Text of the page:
Butterflies of Africa
Common Grass Yellow
Eurema hecabe  LINNAEUS, 1758
subfamily - COLIADINAE
Tribe -
Eurema hecabe, Likpe Hills, Ghana Adrian Hoskins
The Grass Yellows are all fairly small butterflies, readily recognised by their bright yellow wings and their habit of gathering in small groups on patches of damp sand or soil. Despite their name, none of their caterpillars feed on grasses - the name is derived from the fact that most species are found in disturbed grassy habitats.
Eurema are among the most familiar of tropical butterflies. There are 70 known species worldwide, of which 36 are found in the Neotropical region, 13 in North America, 10 in Africa, 25 in the Oriental region and 10 in Australia / Papua New Guinea. Many are migratory in behaviour and the ranges of several such as hecabe overlap into in 2 or more of the zoogeographical regions.
Eurema hecabe is found across the entire African continent, throughout most of Asia south of the Himalayas, on most of the islands of the south Pacific, and across much of Australia.
This species is highly migratory in behaviour and consequently can be encountered in almost any habitat. It breeds mainly in open or disturbed habitats including forest clearings, along roadsides and riverbanks, and in parks and gardens. It can be found from sea level and about 1000 metres.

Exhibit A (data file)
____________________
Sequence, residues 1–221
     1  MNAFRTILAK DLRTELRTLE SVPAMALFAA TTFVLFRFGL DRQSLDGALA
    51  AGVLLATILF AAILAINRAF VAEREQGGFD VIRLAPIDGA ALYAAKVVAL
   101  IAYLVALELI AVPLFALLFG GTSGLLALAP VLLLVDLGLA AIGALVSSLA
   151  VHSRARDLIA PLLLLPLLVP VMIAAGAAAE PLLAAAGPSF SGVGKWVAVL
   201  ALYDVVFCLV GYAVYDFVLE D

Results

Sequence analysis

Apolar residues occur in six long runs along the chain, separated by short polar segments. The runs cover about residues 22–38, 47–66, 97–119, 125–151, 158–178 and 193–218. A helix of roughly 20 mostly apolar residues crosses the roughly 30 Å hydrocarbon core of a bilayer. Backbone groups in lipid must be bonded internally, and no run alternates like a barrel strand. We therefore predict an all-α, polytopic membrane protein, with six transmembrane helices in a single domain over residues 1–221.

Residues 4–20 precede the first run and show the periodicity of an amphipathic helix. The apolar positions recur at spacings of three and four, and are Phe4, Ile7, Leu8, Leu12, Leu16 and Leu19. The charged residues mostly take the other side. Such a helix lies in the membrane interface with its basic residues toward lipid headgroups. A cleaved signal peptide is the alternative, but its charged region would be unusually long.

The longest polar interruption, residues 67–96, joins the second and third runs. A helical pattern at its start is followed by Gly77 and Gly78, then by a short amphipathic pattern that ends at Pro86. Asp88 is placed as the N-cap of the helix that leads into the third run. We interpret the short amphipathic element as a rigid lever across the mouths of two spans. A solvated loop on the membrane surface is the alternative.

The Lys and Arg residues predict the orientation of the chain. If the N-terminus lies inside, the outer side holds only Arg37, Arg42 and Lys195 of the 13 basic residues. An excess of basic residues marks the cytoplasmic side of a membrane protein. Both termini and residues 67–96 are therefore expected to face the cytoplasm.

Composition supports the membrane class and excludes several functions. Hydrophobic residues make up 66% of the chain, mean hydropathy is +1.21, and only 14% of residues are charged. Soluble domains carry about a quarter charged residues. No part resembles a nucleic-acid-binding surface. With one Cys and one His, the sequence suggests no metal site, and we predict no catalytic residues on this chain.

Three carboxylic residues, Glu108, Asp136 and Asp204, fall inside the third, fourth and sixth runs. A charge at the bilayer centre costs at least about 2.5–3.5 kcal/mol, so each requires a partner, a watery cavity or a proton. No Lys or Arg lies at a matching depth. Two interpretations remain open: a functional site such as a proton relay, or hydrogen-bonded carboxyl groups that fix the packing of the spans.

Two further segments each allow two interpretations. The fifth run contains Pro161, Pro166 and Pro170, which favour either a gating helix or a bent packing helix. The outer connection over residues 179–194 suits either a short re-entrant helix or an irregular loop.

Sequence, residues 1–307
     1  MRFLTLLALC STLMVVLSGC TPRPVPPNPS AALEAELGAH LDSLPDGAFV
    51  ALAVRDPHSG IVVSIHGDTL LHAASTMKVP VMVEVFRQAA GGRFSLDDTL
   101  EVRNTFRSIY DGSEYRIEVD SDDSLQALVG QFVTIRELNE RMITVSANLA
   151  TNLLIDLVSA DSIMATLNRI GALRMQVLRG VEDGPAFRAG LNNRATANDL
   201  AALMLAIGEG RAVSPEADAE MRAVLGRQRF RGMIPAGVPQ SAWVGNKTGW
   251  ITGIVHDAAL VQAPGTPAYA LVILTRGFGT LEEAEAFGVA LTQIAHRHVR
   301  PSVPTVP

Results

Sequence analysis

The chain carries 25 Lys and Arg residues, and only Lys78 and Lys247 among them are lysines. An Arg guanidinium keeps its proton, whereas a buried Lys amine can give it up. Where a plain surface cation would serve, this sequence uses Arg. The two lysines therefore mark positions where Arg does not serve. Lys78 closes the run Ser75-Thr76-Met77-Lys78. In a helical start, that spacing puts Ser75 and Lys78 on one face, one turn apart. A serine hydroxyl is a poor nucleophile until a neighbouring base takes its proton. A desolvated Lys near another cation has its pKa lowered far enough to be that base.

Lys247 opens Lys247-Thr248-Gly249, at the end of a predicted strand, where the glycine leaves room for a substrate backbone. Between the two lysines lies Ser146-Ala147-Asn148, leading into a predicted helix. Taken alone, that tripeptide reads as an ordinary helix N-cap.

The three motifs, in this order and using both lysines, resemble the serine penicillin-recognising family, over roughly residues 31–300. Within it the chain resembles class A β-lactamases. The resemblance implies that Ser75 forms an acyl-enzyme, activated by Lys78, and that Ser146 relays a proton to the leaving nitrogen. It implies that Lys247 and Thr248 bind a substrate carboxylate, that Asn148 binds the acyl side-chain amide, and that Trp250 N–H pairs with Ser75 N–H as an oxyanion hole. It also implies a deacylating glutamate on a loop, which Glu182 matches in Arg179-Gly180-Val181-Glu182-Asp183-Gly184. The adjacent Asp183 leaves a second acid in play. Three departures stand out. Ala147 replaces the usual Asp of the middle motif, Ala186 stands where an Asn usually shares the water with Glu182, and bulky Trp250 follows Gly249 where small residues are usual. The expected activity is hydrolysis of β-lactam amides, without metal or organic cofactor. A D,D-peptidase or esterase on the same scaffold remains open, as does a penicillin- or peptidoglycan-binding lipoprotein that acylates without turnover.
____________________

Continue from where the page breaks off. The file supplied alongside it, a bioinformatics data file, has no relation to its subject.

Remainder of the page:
Eurema hecabe, Bobiri, Ghana Adrian Hoskins

The spindle-shaped eggs are straw coloured when first laid, but turn darker before hatching. They are laid singly on the upper surface of leaves of the foodplants. The pabulum varies according to the region and habitat and includes Caesalpinia, Cassia, ( Caesalpiniaceae ), Wagatea ( Fabaceae ) and Pithecellobium ( Mimosaceae ).

The caterpillars when first hatched are green, cylindrical, and covered in tiny tubercules from each of which arises a single long stiff hair. In later instars these hairs become progressively shorter. The fully grown larva is dull green with a thin dark dorsal stripe. There is a broader cream lateral stripe below the spiracles. Each segment of the body is ribbed vertically, and covered in small tubercules, giving it a rough textured appearance.

The pale green chrysalis is slim, sharply pointed at head and tail, and with prominent wing cases.

Adult behaviour
Males congregate to imbibe mineralised moisture from damp sandbanks, often in scores. Females are more discreet in behaviour, normally being seen singly when nectaring. They will visit many different flowers including Lantana and various Asteraceae.


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